Many of the “behavioral” problems we see in the classroom in students with ADHD are due to delayed development in executive function and self-regulation. Leading researcher Dr. Russell Barkley estimates that children with ADHD will demonstrate a developmental delay in executive functions, approximately 30% behind their neurotypical peers. 

Occupational therapists can support students with ADHD by identifying executive functioning delays and providing developmentally appropriate scaffolds in the classroom to systematically help the students attain a new skill that may be just outside their developmental zone.

Occupational therapists can systematically scaffold executive functions at the point of performance in the classroom by: 

  • Explicitly teaching the EF skill and exposing students to options for increasing efficiency.
  • Demonstrate and prompt self-monitoring toward the goal
  • Ask guiding questions and provide prompting to assist with flexible thinking. 
  • Model key EF skills while engaging with the student in the task.

Key 4. Empower 


Children with ADHD receive 20,000 more negative messages by the time they are 12 than children without the disorder. These kids need empowerment like none other. ADHD is not a disorder of ability; it is a disorder of performance. These children do not need to be told to ‘focus” or told to “try harder.” Students need to have a deep understanding of their strengths and support required due to ADHD. Co-creating a “how to” playbook with the student at an early age can reduce the damaging effects of daily “not living up to your potential” messages. Therapeutic use of self is always the most essential and powerful tool in your toolbox. Providing psycho-education about ADHD to the student and family will enhance understanding, promote self-advocacy and reduce the risk of secondary complications to the ADHD diagnosis. 

 ADHD is a Disorder of Occupational Performance

The dynamic occupational performance deficits caused by ADHD and its possible comorbidities, age/stage presentation, and contextual dependence leave teachers and school admin with no singular effective intervention for “ADHD.”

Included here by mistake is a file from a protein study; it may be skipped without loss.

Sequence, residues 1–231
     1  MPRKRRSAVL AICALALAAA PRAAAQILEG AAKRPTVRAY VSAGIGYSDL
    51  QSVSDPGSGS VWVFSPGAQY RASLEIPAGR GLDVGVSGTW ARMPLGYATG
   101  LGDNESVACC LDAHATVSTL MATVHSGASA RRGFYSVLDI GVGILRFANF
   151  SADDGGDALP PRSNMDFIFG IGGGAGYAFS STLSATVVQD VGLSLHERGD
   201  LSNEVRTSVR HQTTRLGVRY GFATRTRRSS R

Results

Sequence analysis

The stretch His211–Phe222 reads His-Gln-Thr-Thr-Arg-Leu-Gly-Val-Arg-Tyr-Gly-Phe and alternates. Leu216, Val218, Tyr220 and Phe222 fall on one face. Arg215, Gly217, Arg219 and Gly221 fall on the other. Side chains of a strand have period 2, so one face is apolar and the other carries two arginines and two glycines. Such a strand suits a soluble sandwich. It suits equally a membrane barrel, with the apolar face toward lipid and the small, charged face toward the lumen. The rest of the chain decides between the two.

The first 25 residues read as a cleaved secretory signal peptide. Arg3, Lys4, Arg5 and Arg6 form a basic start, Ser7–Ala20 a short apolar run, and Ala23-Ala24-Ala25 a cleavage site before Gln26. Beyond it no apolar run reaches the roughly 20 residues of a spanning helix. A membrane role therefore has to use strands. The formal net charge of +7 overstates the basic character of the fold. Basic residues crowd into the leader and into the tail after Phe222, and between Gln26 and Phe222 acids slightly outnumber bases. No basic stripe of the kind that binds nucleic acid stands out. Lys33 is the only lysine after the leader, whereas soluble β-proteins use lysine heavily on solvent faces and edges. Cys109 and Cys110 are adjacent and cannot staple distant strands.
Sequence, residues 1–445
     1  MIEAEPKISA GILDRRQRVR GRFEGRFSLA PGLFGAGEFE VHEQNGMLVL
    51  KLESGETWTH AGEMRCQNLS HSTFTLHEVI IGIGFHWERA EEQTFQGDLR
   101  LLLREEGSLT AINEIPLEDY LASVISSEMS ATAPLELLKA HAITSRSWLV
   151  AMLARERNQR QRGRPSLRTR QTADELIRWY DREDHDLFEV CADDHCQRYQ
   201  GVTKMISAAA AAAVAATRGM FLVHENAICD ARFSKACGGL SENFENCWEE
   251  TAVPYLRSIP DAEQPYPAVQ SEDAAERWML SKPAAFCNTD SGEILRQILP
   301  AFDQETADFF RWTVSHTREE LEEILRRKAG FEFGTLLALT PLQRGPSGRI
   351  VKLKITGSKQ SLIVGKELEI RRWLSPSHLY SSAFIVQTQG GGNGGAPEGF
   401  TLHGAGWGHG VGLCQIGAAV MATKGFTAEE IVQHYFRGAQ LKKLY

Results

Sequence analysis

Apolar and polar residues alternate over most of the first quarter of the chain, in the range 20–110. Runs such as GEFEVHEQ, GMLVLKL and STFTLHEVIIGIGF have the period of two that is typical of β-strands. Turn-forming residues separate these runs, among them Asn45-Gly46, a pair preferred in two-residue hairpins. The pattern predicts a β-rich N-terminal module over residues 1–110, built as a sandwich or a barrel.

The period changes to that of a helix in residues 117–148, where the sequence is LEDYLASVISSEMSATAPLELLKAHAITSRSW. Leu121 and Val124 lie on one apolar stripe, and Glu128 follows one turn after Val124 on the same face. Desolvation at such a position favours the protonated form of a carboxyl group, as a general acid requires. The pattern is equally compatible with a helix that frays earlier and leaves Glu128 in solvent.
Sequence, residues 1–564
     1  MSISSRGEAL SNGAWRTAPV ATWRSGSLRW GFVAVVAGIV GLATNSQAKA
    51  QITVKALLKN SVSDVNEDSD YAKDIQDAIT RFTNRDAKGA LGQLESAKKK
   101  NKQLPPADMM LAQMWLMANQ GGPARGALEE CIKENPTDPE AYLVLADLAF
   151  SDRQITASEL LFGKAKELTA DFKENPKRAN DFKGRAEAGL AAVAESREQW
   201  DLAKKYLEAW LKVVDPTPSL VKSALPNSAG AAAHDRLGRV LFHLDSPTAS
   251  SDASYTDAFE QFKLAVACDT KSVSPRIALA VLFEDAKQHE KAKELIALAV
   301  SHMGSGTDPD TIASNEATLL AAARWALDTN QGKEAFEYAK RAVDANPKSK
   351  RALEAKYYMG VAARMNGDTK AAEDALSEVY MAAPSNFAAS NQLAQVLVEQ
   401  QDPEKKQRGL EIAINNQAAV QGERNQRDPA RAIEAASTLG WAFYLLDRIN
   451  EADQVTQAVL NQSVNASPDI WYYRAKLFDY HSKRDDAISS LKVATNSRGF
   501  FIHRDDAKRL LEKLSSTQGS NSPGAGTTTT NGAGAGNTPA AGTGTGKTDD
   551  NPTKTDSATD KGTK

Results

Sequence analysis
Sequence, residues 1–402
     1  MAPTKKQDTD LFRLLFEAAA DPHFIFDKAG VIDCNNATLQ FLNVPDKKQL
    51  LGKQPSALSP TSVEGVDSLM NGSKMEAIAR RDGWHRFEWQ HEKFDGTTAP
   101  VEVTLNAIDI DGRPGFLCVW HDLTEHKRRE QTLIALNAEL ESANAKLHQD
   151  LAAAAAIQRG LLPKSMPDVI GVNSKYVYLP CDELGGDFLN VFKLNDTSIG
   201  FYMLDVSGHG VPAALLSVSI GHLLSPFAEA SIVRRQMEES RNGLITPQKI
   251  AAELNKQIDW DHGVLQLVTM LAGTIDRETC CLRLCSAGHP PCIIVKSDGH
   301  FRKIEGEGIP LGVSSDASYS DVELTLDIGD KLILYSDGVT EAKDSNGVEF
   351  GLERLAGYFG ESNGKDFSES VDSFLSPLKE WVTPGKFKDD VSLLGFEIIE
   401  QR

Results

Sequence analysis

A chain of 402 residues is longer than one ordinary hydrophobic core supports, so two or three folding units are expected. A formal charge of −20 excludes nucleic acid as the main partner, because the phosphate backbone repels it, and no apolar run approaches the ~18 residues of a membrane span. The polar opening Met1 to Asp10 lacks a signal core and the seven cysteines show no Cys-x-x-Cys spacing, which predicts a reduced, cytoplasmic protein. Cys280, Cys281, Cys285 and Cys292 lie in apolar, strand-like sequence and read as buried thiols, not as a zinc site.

Students with ADHD need continuous, highly individualized support tailored to different stages of development to enable participation in the school setting and remove barriers caused by the dynamic ADHD presentation. In addition, we must address the student within the realm of their current context and consider the presence and prevention of comorbidities that may introduce additional challenges. 

The role of the school-based occupational therapist is essential in facilitating functional performance for students with ADHD in the school setting. Best practice and the most effective intervention plan for school-based occupational therapy practitioners is ongoing collaborative problem solving with caregiver (teacher and parent), accommodations and modification to the learning context, strategic scaffolding of executive functioning skills, and point of performance interventions in the natural environment to empower the student.  

Evidenced Informed Tools for Practice

Latest Posts For OTs

Fidgets and ADHD: A Focus Tool or a Toy?

Navigating the Gray Area Long before TikTok, school-based occupational therapy practitioners commonly provided “fidgets” to students in need of an outlet for high energy and restlessness. These tools, such as putty, velcro attached to desks, or stress balls, allowed students to expend energy in a positive and socially acceptable way without distracting others. That was…

Keep reading

The Complexities of Attention: Supporting Students with ADHD

How often do you hear the statement “They have trouble with attention” when discussing a child’s academic or behavioral performance? Or ” They can’t focus”, or even ” They can’t concentrate”? While these statements may seem straightforward, it oversimplifies the complex cognitive process of attention and can hinder our ability to effectively support students with Attention…

Keep reading

ADHD and Emotional Regulation

When Emotional Dysregulation Creates a Barrier to Learning for Students with ADHD How to Help in the School Setting  I was collaborating on a student who was exhibiting concerning “ behavioral” problems in the first grade classroom.  The child was frequently melting down and having atomic reactions to “not getting their way”. Ripping up the…

Keep reading


Something went wrong. Please refresh the page and/or try again.

Join OT4ADHD’s mission to: 

  • Empower therapists with current evidenced informed classroom strategies and tools for executive functioning deficits associated with ADHD. 
  • Build a community of therapists empowered with evidenced-based research and interventions that support school-based performance
  • Reframe ADHD and remove the negative intent bias rampant in the school system.
  • Provide evidenced informed systems to build strong, sustainable collaborative relationships with the classroom teacher to support our kids at the point of performance.